He bent down over the body, pulled the Rig-pendant from round its neck. “I will leave this to be found somewhere. Then men will think he is dead.”
“But they won’t know,” said Svandis.
“So they will tell tales instead. Of how his faithful friends took him away from the battlefield and were never seen again. Went to Asgarth, to Valhalla, to Thruthvangar. Were taken by the gods, for him to be a god. Not a god who became a man, but a man who became a god. That will be a good belief for men to have, in time to come.”
Farman turned and faded without more words into the gloom. Not far away shouts could be heard, torches were flaring. The Waymen, with Cwicca and Thorvin at their head, searching for their lost leader.
“We must go,” said Solomon.
“How shall we carry him?”
“Use the graduale again. It can perform one last service, and then we will burn it tonight for firewood, before it kills more men.”
As the two men strapped the still-unmoving Shef on the old ladder, the body stirred, spoke.
“What did he say?” asked Svandis.
“I couldn’t hear,” said Solomon.
“I could,” said Hund. “His mind is wandering in far places.”
“What did he say, then?”
“He said, ‘Up the ladder and into the light.’ But I do not know from what prison he thinks he is escaping.”
The two men and the woman carried their burden away from the searching torches and into the dark.
The slow wheel of the seasons turned. Five winters passed; now hard frost gave way to slow thaw. An early spring. The plowmen were drawing their furrows across the green fields of an English spring: white hawthorn blossom bloomed from every hedge.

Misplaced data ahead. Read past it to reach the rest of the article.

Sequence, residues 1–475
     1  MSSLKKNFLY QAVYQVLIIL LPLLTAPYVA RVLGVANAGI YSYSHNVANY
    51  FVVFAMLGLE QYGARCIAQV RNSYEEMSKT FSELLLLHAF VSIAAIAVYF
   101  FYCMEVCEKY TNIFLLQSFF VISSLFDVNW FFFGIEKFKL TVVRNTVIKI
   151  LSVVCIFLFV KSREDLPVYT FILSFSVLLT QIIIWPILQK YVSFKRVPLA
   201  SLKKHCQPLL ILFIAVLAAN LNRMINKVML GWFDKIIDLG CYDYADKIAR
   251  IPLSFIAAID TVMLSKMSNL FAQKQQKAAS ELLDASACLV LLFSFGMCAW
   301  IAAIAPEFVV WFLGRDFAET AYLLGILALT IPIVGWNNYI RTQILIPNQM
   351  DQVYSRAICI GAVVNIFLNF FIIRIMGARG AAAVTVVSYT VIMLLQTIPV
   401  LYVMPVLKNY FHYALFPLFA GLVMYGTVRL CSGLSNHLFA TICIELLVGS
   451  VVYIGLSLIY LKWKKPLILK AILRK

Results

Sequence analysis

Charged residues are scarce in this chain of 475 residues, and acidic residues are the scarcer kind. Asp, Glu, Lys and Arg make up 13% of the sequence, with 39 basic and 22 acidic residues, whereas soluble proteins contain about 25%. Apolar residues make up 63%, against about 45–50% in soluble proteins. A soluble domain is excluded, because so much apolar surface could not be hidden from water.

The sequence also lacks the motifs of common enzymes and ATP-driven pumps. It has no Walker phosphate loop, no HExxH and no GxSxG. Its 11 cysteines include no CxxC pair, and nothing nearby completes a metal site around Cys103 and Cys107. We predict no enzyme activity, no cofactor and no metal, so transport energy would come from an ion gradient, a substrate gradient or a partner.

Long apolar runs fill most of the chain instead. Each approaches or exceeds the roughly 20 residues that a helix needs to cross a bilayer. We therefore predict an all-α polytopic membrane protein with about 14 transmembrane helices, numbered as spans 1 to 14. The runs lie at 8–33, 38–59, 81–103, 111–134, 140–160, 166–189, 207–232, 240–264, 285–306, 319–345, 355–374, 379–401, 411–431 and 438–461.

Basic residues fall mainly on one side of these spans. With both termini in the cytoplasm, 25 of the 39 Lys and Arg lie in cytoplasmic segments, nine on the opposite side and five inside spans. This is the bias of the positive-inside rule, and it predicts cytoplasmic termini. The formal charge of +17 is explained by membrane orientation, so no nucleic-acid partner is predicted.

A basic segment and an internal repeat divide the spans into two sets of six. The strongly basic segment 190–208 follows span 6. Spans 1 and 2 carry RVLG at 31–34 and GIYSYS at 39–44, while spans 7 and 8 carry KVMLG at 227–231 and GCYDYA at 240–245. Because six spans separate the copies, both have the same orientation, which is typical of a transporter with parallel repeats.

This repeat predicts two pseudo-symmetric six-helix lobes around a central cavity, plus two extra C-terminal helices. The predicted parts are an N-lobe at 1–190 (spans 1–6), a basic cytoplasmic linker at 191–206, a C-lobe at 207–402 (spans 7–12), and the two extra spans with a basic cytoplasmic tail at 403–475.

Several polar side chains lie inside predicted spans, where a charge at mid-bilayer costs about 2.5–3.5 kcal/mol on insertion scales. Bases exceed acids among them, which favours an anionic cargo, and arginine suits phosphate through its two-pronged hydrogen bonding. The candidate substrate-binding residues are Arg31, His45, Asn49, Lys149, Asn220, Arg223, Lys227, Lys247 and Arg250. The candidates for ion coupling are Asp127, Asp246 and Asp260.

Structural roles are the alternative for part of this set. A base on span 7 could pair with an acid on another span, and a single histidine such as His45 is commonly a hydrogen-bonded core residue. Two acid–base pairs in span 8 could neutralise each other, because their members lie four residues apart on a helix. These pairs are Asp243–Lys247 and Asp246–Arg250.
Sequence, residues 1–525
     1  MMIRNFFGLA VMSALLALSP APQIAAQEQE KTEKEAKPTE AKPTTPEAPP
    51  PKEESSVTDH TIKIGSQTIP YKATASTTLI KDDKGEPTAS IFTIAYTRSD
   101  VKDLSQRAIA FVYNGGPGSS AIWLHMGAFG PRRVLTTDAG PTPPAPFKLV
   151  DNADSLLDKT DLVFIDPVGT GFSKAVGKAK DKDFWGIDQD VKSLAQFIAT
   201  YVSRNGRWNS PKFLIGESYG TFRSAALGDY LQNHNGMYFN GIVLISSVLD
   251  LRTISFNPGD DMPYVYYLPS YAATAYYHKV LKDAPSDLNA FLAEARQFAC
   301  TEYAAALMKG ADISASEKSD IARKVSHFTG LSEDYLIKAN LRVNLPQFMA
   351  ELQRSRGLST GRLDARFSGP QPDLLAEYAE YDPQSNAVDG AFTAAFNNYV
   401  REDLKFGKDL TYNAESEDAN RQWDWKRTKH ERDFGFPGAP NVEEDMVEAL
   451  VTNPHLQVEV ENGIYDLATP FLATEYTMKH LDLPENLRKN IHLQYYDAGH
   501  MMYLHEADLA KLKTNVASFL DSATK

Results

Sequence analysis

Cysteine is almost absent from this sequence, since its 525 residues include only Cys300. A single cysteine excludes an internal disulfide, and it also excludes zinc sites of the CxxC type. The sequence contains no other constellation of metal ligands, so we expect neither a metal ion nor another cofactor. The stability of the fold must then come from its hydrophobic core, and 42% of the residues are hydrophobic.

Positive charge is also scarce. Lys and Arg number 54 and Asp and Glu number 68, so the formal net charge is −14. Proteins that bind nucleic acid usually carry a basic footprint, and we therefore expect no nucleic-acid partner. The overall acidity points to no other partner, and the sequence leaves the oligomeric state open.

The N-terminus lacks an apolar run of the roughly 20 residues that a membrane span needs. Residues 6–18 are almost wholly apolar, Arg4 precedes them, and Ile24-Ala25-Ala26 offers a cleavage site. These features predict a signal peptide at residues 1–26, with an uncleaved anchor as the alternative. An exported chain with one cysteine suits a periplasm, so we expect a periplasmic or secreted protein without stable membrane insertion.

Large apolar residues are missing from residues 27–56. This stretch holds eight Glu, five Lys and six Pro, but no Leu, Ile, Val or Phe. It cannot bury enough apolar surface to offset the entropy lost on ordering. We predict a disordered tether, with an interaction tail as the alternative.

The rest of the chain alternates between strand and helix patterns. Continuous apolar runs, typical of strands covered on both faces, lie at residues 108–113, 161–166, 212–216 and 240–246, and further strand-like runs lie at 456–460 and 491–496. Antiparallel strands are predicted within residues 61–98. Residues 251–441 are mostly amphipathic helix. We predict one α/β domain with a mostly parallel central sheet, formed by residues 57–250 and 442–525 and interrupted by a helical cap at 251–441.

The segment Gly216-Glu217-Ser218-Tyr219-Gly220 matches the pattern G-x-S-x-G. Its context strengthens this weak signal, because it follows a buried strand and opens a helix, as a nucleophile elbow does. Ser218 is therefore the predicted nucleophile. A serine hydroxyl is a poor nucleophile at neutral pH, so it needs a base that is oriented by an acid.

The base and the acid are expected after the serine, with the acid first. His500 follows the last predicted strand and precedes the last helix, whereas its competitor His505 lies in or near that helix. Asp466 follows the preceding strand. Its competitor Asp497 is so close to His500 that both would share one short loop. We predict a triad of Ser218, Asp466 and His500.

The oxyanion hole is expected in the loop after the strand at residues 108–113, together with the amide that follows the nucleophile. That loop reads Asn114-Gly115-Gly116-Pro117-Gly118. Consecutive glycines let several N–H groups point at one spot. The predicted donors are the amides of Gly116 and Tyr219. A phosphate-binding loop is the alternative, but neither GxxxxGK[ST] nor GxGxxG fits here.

The King of the West Saxons, Alfred esteadig, walked with his wife in their private garden, their children playing under the eye of nursemaids not far off. “The Embassy today,” he said abruptly. “It was from the Pope. Finally.”
“The Pope?” said Godive, surprised and a little anxious. “Which one?”
“The real one. John VIII, I think he is. The one they tried to depose in favor of the Englishman. Restored at last, the eternal squabbling of the eternal city finally over, at least for now. The last pretender Pope banned—or murdered. It is hard to tell. The new Pope’s first official act was to offer to repeal the interdict England has lain under. To bring us back into community with the Church.”
“Will you refuse?”
“I will tell him we will pay no taxes, we will restore no Church property, the Way will still have the right to preach here and make conversions. If after that he chooses to say we are once more in communion, it will make no difference to us. I think it is a good sign. The Church has learnt humility. I think it will learn more yet.”
“What do you mean?”
“I think power has shifted for good, now. All the reports for the past years say that there is no Empire left, or even the thought of one. Christendom is breaking up into smaller states, under local rulers. No more threat in the south from the followers of the Prophet. The Greeks are no danger. There is no need for great empires, armies of conquest.”
“But our Empire too, such as it was, it is breaking up. Since we lost…”
“Since we lost the One King,” Alfred agreed. “It is true, the old agreement he and I made, it cannot stand. Guthmund and the others would not submit to me, nor I to them. Yet we have learned to work together these last few years. I think that that will endure. There will be no war, or the Vikings back on our shores again. We know each other’s strength too well. Besides, the veterans of the One King’s army, they would not fight each other. They speak the same language now, no-one else understands them. They will keep the peace, and make others keep it too. In loyalty to their master.”
A long pause, while Godive considered the name they had not spoken.
“Do you think he is dead?” she asked. “They never found the body.”